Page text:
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Full Disclosure Theatre return with their new writing night XPOSED

Some recurring themes crop up in this edition of Xposed, which is absolutely, positively, unconditionally not a scratch night. That is not to say there isn’t room for development for the seven plays presented here, but they are complete short plays in themselves with no need for any lengthy explanations in the programme or on the production’s website detailing the context of any of the pieces. I treat the production as one play consisting of seven scenes, which isn’t technically what it is, but such were the commonalities between the pieces that the whole thing is very much greater than the sum of its parts.

XPOSEDThere was something for almost everyone, even a scene in a bar that did so well to portray the high levels of background conversational noise that would be found in such busy (and distinctly unromantic) places that a large chunk of dialogue was difficult if not borderline impossible to decipher. But there was a hard-hitting point made nonetheless about disabilities, which may not, as regular passengers of London Underground will have heard on recorded announcements, always be visible. “You don’t look like an autistic person”, quips Sasha’s (Paula Brett) date (Cinthia Lilen). Sasha, quite understandably, wants to know what an autistic person would indeed look like, to which no feasible answer is given (because no feasible answer exists).

But Sasha isn’t the only one who finds herself in an awkward situation. Andrew (Sam Craig) has Sean (Ashley Byam) come to his place: as he’s based in a part of London not served by the Tube, he’s unhappy at having to get there on the bus. It’s a sexual encounter, or at least it’s meant to be – there’s a reason why Andrew can’t answer a straightforward question about how he would like to, ahem, proceed. What results is a hilarious, if slightly bizarre, dialogue as Sean vents his spleen. Some of it was, frankly, rather unjustified – but it was brilliant theatre.

Then there’s the repetitiveness of ‘coming out’ (the evening comprised LGBTQ+ stories), in the sense that one doesn’t just come out, deal with responses (and, dare I say it, repercussions) and get on with the rest of one’s life. Rather, one comes out at various points thereafter, to the point of tedium and frustration. Given the supposedly more open and accepting society in which we are meant to be part of, there is much to celebrate but also much work to do. Francis (Georgina Tack) has an accepting mother (Cecilia Rodriguez), but relations with her girlfriend (Ellie Cooper) are sometimes difficult, because there’s a pretence that has to be maintained – even in this day and age, there’s concern for what could happen if they are publicly seen together, an ongoing scenario that leaves Francis unsurprisingly frustrated.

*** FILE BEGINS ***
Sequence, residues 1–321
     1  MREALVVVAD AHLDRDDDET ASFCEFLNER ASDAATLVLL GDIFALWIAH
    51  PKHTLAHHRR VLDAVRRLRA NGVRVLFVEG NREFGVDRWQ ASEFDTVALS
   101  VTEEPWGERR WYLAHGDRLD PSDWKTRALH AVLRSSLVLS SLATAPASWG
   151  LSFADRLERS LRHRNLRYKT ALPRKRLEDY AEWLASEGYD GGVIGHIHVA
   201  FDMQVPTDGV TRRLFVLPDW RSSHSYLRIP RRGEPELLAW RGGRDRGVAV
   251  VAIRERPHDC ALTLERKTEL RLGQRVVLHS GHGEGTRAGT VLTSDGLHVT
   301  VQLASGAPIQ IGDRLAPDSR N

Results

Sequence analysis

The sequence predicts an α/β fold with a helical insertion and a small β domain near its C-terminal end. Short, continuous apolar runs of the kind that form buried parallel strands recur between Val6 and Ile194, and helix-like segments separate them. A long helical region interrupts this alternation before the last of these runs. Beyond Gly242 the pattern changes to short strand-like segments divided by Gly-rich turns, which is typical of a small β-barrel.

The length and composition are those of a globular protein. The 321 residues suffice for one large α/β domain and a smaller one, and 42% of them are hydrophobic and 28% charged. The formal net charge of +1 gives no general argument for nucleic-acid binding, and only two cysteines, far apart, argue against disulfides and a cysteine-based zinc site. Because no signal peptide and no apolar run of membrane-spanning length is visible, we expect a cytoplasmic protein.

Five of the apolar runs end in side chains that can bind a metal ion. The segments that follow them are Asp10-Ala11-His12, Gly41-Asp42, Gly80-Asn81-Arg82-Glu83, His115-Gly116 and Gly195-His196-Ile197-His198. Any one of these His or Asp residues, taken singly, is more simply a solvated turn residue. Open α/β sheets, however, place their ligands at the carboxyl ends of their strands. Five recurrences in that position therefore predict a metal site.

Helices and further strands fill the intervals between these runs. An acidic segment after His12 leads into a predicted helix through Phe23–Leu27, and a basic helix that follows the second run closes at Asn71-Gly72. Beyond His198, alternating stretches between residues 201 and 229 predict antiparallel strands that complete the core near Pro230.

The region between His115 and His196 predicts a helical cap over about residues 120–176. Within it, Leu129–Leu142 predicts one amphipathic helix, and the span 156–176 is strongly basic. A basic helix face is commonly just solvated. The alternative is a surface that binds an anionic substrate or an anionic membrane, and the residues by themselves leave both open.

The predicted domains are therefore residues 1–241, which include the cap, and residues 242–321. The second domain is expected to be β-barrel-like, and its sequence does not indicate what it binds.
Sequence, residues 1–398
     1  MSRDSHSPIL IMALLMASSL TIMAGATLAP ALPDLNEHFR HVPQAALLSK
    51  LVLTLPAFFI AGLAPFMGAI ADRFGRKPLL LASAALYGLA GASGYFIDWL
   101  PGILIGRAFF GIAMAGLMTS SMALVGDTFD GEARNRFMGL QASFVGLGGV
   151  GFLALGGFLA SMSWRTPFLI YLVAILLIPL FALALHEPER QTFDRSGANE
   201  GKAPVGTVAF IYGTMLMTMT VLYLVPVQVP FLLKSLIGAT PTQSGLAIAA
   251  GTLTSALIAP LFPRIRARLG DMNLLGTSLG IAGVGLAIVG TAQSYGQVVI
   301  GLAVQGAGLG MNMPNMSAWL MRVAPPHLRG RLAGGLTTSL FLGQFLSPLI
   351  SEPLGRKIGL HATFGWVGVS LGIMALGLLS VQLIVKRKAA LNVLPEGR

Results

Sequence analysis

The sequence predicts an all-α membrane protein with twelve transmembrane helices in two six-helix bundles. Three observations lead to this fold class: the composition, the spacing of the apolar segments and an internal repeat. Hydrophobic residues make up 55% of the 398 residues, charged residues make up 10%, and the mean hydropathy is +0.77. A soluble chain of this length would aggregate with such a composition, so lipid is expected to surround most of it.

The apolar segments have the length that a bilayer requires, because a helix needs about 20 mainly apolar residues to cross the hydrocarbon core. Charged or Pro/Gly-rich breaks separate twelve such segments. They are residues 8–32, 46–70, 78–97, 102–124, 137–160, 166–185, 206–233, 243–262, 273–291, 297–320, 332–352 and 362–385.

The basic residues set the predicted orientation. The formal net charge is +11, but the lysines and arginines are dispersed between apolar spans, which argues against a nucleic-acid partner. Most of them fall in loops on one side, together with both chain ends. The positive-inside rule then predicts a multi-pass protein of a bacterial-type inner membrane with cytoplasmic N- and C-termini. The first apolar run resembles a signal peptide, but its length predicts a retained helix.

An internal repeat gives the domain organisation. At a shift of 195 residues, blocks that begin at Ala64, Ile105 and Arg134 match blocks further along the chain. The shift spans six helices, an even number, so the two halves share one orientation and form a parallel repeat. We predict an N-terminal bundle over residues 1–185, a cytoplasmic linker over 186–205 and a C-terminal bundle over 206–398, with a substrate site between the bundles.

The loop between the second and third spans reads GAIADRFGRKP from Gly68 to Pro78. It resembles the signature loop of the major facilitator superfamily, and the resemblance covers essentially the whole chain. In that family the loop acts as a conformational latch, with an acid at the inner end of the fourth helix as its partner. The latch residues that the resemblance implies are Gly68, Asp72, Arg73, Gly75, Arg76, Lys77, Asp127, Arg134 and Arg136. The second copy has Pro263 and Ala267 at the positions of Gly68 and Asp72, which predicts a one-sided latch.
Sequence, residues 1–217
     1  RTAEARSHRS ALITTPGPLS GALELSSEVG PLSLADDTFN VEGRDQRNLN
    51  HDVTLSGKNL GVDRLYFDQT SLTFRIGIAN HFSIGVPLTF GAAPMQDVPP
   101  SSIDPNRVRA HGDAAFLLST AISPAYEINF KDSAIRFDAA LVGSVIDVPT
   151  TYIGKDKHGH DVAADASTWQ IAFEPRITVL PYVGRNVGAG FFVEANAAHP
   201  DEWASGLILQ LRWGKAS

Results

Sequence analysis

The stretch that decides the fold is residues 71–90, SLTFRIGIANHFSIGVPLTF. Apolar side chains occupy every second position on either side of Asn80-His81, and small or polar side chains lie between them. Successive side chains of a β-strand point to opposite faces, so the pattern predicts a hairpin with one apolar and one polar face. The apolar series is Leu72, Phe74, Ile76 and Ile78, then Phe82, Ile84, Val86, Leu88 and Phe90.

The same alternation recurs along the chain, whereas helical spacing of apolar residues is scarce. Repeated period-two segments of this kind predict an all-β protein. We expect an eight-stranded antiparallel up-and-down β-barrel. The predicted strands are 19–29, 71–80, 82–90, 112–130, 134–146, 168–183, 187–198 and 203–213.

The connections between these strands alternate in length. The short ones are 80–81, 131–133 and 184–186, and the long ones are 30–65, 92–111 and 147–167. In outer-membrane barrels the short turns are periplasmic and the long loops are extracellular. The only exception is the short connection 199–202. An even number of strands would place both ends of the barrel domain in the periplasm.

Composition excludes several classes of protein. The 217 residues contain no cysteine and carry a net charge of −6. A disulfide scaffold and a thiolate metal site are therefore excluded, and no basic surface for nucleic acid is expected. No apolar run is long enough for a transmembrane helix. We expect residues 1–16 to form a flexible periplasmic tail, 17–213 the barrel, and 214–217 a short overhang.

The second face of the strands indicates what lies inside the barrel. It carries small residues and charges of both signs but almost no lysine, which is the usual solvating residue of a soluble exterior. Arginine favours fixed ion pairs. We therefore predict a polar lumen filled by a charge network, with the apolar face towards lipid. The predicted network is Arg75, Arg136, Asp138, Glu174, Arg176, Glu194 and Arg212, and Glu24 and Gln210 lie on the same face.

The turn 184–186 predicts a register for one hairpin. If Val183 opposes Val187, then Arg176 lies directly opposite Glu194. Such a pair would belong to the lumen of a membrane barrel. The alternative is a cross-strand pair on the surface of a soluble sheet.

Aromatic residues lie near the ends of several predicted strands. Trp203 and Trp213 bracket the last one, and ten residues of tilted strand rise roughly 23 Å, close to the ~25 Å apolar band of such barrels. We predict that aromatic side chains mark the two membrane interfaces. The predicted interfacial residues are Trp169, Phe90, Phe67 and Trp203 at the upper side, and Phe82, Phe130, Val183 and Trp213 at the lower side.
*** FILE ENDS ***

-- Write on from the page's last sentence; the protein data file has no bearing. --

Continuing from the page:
Organised religion, specifically the Christian faith, comes in for criticism, but not always for traditional reasons. Joanne (Izzy Hayden) had to, she says, give up a lot of freedom to maintain family ties, but her fiancée did not. It’s the other half, however, who still ‘habitually attends’ (terminology used by the Church of England, rather than the production) church services, worshipping in an inclusive parish, with a family who has no issues with regards to sexual orientation. Past experiences run deep for Joanne, and an invitation to church is met with revulsion, though interestingly she’s having a church wedding rather than a civil one.

Given the difficult and even painful experiences being talked about during the evening, there was a surprising amount of hearty laughter, mostly (though by no means entirely) through expressions of awkwardness (why is it, for instance, that Sasha won’t have a drink even though she is sat in a bar?), or otherwise sheer exasperation (of course a friend of Becca (Molly Keogh) knows about her being queer: they were in bed together). Plenty of food for thought in an enlightening and entertaining evening.

4 stars

Review by Chris Omaweng

Full Disclosure Theatre returns (finally!) with their new writing night XPOSED, featuring eight brand new short plays revealing the naked and entertaining truths about queer life. Whatever your preference, come discover the latest talent from a company passionate about discovering unheard voices within the community and showcasing LGBTQ+ stories.

Flop by Phil Charles
Suffering from impotence, Dave has a visit from the God of Virility.

Faith by Nikki Hill
Getting married was always the plan. Getting married in a church was not.

Blank Page by Alex Britt
Andrew invites Sean over for the first time…but will his secret ruin the hook-up?

Front Seat Passenger by Lydia Higman
Francis is seventeen, queer, and stuck in the car with Mum.

Again and Again and Again by Kate Reid
Sadie and Becca meet up before the worst dinner party of their lives.

Low-functioning Queer by Jamie Hancock
Start. Stop. Rewind. Sasha reviews their latest attempt to date whilst disabled.

Donal by Frances Eva Lea
Des dares to dream of a life that could’ve been.

Full Disclosure present
3 OCT 2021
Start Time: 7pm
Running Time: 120 mins including interval


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